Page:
Variable Rewards

The next phase is that of variable rewards. Research has shown that variable rewards are very powerful reinforcers. Continuously rewarding something does not lead to addiction as much as variable rewards do. This is because the variable rewards have an element of uncertainty attached to them, and the human brain loves uncertainty.

The human brain releases a neurotransmitter called dopamine (a “feel good” chemical). Whenever it is expecting something uncertain (such as the number of likes on a post, or a message from your loved ones). Thus, adding an element of uncertainty (whether I will receive likes on my new job or not) makes these applications very addicting.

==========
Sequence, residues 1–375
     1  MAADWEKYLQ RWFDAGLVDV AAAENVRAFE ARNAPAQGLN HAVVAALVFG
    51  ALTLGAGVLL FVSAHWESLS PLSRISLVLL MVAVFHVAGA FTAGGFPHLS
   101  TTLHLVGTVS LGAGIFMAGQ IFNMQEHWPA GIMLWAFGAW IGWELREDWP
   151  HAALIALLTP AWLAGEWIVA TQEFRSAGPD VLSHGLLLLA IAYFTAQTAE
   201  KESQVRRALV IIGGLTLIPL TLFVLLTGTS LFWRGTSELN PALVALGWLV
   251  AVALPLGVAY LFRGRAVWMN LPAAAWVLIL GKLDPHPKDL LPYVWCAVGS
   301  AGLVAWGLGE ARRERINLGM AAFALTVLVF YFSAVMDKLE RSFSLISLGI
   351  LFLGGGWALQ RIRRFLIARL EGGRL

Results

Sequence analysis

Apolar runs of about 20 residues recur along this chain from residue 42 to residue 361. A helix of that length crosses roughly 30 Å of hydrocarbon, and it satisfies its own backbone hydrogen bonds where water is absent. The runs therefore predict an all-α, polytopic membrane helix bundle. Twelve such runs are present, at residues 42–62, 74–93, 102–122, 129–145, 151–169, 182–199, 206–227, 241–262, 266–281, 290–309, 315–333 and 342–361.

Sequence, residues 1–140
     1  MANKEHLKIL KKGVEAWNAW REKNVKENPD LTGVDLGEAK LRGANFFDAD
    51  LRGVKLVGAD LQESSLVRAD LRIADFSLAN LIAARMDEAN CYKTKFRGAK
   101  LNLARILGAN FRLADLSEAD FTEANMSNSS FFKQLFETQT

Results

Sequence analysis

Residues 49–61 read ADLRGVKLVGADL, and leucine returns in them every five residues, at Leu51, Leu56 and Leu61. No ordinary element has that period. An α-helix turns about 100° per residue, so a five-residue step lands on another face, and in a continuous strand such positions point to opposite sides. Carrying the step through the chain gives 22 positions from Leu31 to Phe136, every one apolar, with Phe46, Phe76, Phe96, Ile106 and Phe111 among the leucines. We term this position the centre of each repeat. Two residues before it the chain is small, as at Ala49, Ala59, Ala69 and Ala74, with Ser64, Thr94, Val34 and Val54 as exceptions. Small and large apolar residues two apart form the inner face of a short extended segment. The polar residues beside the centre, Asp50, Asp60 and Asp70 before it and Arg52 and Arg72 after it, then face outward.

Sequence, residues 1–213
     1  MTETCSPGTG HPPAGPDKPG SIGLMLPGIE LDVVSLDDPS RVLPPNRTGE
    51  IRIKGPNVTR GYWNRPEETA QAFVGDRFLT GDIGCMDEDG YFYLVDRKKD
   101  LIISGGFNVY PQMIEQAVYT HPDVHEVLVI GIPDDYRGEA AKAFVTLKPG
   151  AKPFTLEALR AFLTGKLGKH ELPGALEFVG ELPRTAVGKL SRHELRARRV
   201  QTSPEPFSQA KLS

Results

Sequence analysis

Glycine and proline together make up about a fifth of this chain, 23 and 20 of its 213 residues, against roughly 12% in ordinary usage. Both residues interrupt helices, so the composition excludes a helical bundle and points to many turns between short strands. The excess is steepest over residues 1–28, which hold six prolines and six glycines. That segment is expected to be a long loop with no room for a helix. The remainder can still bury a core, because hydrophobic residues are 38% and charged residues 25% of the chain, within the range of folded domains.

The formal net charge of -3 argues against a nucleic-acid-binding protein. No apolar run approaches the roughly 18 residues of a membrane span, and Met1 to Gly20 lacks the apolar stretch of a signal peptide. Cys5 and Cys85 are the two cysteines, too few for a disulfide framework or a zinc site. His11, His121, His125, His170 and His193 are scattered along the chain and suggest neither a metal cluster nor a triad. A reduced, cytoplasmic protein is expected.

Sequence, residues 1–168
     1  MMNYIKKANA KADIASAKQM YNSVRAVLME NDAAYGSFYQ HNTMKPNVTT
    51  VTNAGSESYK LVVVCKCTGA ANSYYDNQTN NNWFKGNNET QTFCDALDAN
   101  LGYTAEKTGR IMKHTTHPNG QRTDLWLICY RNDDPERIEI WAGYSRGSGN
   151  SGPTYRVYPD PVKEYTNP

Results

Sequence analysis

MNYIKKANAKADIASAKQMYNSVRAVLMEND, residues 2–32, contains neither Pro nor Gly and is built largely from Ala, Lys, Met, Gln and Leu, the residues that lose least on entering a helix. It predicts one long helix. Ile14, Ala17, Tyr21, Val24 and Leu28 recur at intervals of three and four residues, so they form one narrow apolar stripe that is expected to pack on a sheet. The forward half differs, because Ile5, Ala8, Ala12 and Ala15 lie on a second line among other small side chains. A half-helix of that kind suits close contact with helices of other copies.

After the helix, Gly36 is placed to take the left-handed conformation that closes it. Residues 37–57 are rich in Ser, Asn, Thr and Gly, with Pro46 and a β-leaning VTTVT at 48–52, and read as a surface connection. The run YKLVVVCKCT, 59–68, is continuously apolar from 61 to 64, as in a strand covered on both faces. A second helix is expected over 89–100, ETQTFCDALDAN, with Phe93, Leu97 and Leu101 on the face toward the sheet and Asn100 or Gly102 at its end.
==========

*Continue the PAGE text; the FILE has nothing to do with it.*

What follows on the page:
The last phase in the cycle is that of investment. This is the phase of the period, which ensures that the user will make another visit to the application soon. Any time, energy, effort, or money invested in the app makes the user feel compelled to revisit it.

  • Snapchat Streaks Addiction

This applies to the use of Snapchat. By displaying the number of streaks you have with every individual, what Snapchat is showing to you is your commitment to the use of the application. The higher the number of streaks, the more likely you’re to keep using the app. Because of the time, energy, and effort, you have invested in maintaining those streaks.

  • Sunk Cost Fallacy